The Biden administration announced on Tuesday that it will not conduct mass arrests of undocumented workers during law enforcement operations at U.S. factories, a departure from Trump administration policies and the latest signal to millions of immigrants that they are not a priority for deportation.
Such arrests, known as workplace raids, have long been criticized by immigration advocates for instilling fear and discouraging workers from reporting labor misconduct for fear of being arrested. So far, these raids have not been a regular occurrence during the Biden administration.
Alejandro N. Mallorcas, Minister of Homeland Security, said in a statement that workplace compliance measures would instead focus on “unscrupulous employers who exploit unauthorized workers, conduct illegal activities, or impose unsafe working conditions.” He also sought guidance from the department’s immigration agencies over the next 60 days to identify policies and agreements that affected labor compliance and how to “mitigate or mitigate” concerns and concerns that workers have undocumented about exploitative employers.
The new policy, in place at a time of critical labor shortages in the United States caused by the coronavirus pandemic, provides assurances that undocumented workers will not face mass deportation. The new strategy also reflects President Biden’s promises of a softer approach to immigration policy than his predecessor.
Some companies that rely on undocumented workers pay them for jobs below market rates, exploiting immigrants and undermining competitors.
“Reorienting resources to combat exploitative employers is a necessary step in protecting the American labor market and workers,” said spokesman Benny Thompson, a Mississippi Democrat and chairman of the Homeland Security Committee.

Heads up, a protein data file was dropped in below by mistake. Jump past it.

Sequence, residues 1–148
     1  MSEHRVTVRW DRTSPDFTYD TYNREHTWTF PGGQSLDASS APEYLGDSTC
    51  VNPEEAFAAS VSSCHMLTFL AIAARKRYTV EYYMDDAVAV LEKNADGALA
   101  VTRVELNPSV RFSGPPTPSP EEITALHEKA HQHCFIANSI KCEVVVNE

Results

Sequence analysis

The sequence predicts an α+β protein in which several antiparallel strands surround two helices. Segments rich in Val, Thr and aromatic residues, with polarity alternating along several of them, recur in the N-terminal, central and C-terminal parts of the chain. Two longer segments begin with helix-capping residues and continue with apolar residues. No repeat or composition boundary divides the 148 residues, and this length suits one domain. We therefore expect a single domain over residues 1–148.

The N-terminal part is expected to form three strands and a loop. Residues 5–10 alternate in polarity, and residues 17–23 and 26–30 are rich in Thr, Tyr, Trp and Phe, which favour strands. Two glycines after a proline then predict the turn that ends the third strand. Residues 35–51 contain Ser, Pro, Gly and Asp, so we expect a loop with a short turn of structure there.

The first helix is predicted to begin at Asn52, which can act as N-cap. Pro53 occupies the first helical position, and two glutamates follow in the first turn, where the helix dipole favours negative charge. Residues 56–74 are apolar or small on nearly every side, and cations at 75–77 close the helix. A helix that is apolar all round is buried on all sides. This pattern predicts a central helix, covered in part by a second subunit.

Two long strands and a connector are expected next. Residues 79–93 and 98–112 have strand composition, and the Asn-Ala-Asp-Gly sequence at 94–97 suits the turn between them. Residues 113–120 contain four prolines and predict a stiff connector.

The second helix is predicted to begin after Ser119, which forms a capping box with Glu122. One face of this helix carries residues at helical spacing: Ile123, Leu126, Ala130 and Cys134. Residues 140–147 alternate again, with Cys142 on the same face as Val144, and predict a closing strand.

Republicans criticized the new policy. “This makes our country LESS SAFE and LESS SAFE,” said the research department of the National Committee of the Republican Party. tweeted…
Workplace raids, which Mr Mallorcas described as “resource-intensive,” were a priority during the Trump administration, targeting both employers and undocumented workers. The goal was to dissuade immigrants from illegally crossing the border to work in the United States. The George W. Bush administration launched high-profile job raids in an attempt to push Congress to overhaul the immigration service, but lawmakers were unable to reach a consensus.
The Obama administration has sought to focus workplace compliance efforts on employers who hire undocumented workers rather than the workers themselves, prioritizing employee file checks. However, this policy has resulted in the layoff of thousands of undocumented workers.
Employers are required by law to check whether they are allowed to work in the United States. Several administrations have pushed for a nationwide requirement to use a program known as E-Verify to confirm that employees are authorized to work in the country. But it remains a voluntary program for most employers today.
Immigration advocates endorsed a new workplace compliance strategy, but they said it does not replace creating a path to citizenship for millions of undocumented immigrants.
“While we welcome the administration’s announcement today to end workplace raids, we need a greater commitment from this administration to protect all 11 million undocumented immigrants from deportation, not just their workplaces.” – Nicole Melacou, executive director of the National Partnership for new Americans, it said in a statement Tuesday. “We need constant protection now.”
Democrats have tried to include in the multi-trillion-dollar spending package a measure that would open the door to citizenship for millions of undocumented immigrants, but their efforts have failed.
The workplace enforcement policy also echoes new guidelines on immigration enforcement priorities, which were partly designed to end the indiscriminate arrests that became commonplace during the Trump administration.
Miriam Jordan made reporting.